Veronique and computer enlarged v2
31 May 2022

Optimising your inboxes for digital collaboration

 Véronique Manti - Change Practice Lead returns with more top tips on collaborating with the tools at hand...


Online tools for communication have soared in popularity as working from home (WFH) or hybrid working becomes the norm. Some people prefer emails, others will direct message you in chat, and some prefer Teams posts. We end up living in two or three different apps just to keep on top of our messages!

Collaboration is the word of the moment – so how do we use the tools at our disposal to be as effective as possible?

At Information Leadership, we are 'Teams First' advocates and we use Teams wherever it makes sense. This means collaborating on documents, social chats and as the interface for our digital workplace (we use Teams to file & find our work).

When working with customers to build their digital workplace, we discuss how it should be set up in MS Teams and work together to establish 'ways of working'. These are the habits and behaviours to promote across the organisation so that everyone knows ‘when to use what'.

Here’s a model that I’ve found helpful:

Chat vs Post?

In Teams, there are two different ways to keep in touch: using chats or posts.

Chats tend to be for informal one-on-one (or group) conversations. They are standalone conversations that aren’t related or linked to a Team. A chat is private and no one except you and the other person (or people) in the chat can see the content.

Internally, we use chats to check if someone is free for a call or ask if they would like to grab a coffee. We also have group chats for sharing our daily wordle scores and other office interests.

Posts are used for communications related to a particular topic/subject in a team. Everything you post is available to those who are able to access the team. 

Posts are searchable and conversations (replies to a post) can be threaded, allowing you to easily organise different conversations within a team. Posts and conversation threads are where collaboration is at its best. You can share ideas, collaborate on files, give feedback, hold polls and so much more in a way that is recorded for future reference and allows you to operate with a single source of truth.


Tips on on how to use Posts

  • Select the text edit icon to expand the text box. Helpful to avoid sending a message/post before you're ready & giving you more options to craft your post.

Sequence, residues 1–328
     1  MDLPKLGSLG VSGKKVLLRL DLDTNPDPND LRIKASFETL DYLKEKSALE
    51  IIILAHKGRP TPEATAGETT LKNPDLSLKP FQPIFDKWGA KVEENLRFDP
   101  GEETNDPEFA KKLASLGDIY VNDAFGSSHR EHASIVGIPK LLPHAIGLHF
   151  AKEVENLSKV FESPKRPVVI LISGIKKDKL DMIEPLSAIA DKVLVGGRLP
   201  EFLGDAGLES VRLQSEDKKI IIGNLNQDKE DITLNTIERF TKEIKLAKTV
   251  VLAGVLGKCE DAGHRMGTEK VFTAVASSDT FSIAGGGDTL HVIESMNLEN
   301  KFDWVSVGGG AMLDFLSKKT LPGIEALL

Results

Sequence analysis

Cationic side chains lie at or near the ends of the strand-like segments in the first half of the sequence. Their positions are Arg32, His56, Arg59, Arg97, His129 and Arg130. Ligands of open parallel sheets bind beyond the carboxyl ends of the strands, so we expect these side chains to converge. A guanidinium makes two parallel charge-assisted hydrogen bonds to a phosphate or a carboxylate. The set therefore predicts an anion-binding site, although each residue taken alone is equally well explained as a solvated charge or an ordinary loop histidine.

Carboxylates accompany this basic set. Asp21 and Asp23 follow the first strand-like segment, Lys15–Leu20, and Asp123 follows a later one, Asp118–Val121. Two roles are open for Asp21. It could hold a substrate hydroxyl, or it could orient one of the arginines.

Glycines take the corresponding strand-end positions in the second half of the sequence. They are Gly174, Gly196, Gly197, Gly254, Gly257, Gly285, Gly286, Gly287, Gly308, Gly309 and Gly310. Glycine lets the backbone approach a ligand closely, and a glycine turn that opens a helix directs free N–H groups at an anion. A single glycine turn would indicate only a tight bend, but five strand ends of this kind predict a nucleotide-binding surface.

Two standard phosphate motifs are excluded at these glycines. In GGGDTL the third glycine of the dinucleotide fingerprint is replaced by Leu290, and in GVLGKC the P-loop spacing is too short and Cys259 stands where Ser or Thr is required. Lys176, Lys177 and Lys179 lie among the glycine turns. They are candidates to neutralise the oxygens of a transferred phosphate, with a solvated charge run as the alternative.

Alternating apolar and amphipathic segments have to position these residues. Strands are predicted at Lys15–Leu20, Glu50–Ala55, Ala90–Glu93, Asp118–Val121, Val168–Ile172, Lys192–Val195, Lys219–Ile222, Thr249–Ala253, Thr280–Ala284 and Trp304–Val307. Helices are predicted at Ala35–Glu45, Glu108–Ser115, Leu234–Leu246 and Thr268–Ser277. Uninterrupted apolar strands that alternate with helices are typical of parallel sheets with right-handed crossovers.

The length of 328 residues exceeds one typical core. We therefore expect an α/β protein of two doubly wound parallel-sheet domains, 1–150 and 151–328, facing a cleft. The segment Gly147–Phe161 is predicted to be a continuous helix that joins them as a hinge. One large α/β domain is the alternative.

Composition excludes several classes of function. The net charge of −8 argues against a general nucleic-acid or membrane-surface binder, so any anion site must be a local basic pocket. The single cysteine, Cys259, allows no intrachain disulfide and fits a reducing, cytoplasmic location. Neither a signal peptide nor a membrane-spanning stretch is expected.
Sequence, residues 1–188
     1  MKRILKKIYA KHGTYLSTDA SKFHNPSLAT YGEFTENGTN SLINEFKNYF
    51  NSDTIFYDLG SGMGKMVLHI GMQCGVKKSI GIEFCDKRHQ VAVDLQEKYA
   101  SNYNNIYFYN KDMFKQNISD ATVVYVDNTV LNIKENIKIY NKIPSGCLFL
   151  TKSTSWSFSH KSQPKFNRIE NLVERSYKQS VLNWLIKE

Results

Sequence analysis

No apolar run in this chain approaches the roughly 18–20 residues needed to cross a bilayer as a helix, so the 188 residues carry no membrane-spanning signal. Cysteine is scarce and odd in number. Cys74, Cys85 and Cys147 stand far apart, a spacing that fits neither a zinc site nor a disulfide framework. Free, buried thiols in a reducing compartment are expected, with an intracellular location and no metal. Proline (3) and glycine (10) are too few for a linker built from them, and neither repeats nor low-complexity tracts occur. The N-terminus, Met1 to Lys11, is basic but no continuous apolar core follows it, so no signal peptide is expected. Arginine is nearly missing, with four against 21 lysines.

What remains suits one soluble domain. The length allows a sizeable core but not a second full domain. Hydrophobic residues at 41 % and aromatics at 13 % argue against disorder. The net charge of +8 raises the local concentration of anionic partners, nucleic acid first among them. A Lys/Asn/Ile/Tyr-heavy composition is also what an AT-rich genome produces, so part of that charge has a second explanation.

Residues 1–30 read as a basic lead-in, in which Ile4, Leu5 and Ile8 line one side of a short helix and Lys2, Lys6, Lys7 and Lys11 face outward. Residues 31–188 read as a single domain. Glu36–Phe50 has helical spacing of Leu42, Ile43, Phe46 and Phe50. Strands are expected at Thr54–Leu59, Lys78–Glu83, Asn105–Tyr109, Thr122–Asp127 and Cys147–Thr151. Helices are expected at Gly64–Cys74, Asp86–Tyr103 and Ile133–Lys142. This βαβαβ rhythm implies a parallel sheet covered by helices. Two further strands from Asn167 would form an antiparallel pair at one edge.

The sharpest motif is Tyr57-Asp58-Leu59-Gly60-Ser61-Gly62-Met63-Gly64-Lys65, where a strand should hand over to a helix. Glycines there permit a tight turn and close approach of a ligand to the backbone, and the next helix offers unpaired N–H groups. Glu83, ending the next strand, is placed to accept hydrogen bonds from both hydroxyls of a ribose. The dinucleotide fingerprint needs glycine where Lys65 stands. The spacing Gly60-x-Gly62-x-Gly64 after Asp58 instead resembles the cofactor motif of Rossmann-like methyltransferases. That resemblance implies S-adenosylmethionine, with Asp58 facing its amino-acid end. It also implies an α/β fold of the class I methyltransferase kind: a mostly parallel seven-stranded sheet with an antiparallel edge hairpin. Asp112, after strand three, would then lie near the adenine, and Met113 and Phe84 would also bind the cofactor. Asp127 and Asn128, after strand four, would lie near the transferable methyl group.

• Use a header/subject at the top of the post. This allows you to keep all conversations about a subject in the same post.
  • Use the ‘reply’ button to reply to a conversation/ post instead of starting a new post. By replying to a post, the whole conversation is documented chronologically and everyone can see the replies.
  • Keep everyone in the loop and share history. This ensures conversations are there for the rest of the team to view, like and contribute to. Anyone new who is added to the team has instant access to the history.
  • Use @mentions and @tags to get someone’s attention. An @mention (@nameofperson) or tag (groups of people / name of the team) ensures the right people get your message, and helps reduce the number of unnecessary notifications.



L An example of a Teams post with subject, @mention and edit text highlighted. R An example of two users collaborating in action, using the top tips. 

Ways of working


How quickly should you expect a reply from someone? Should you drop everything you’re doing to reply to someone’s post or chat?


The cost of interruptions is well researched and documented, so to expect someone to immediately reply is not necessarily practical.  This also assumes that people are available at any time.


In the same way I discussed the social contract between people around how to collaborate in a virtual work environment in my previous post, it is important to agree on expectations around response time.


When you’re working across several workspaces in Teams, it pays to take the time to set up your notifications so that you only get notified about the posts that you really want to follow. The Microsoft help page has step by step instructions for setting up notifications and I have included a few examples below:

Examples of how to mute or turn off notifications for posts, channels and chats

Food for thought

Taking the time to identify, develop and promote the habits and behaviours ('ways of working') that are going to help people in their day-to-day work is time well invested. 

Setting notifications up from the beginning allows people to fine tune the types of notifications they want to receive and prevents overflowing and out of control inboxes.

A shared understanding around response times helps manage expectations and promotes a supportive culture where people are respectful of each others time. 

Using shortcuts such as @mentions or @tags are perfect for getting the attention of the right people.

By providing the best possible experience from the beginning, people are more likely to use the tools effectively and are then able to focus on doing their work.

Next steps


Promote & Reinforce: once you have developed your agreed ‘ways of working’, make sure it is integrated into training at the time of the solution roll-out.


It also should be incorporated in your induction so that new people learn your ‘ways of working’.


Regular refreshers (e.g. lunch and learn, tip of the week etc) are also helpful in reinforcing the new habits and behaviours.